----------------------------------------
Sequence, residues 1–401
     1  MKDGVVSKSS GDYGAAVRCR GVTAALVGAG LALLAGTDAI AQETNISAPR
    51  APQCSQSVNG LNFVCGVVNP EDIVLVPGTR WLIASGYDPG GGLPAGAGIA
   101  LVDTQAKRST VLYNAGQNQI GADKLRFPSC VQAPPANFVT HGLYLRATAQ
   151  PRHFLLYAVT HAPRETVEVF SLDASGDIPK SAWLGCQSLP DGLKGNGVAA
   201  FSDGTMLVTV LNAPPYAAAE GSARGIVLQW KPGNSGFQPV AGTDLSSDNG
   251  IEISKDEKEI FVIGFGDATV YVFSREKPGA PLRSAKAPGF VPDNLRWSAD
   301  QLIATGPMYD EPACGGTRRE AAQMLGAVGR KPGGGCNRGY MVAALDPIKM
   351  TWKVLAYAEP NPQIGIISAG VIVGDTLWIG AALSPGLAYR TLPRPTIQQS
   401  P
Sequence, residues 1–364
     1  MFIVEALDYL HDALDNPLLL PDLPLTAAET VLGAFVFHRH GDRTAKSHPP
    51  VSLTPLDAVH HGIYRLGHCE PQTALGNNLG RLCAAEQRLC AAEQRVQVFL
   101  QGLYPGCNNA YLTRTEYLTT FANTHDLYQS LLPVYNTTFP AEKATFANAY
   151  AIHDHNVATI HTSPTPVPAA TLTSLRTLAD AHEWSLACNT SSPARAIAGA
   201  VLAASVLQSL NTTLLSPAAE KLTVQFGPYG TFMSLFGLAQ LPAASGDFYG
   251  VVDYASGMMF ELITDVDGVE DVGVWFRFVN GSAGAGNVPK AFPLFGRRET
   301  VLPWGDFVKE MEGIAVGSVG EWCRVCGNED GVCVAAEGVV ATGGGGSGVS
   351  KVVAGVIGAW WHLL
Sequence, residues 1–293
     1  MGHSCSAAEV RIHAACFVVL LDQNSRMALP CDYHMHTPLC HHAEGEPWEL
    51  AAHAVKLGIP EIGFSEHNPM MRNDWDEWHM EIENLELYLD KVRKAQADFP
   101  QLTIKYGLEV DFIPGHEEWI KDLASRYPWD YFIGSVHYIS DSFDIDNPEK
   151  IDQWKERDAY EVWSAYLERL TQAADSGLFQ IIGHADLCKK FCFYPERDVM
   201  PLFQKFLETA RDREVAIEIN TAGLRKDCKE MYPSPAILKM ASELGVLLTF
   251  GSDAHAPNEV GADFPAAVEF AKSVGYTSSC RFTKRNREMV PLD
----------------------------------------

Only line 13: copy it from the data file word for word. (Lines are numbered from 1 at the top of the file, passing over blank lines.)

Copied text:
    51  VSLTPLDAVH HGIYRLGHCE PQTALGNNLG RLCAAEQRLC AAEQRVQVFL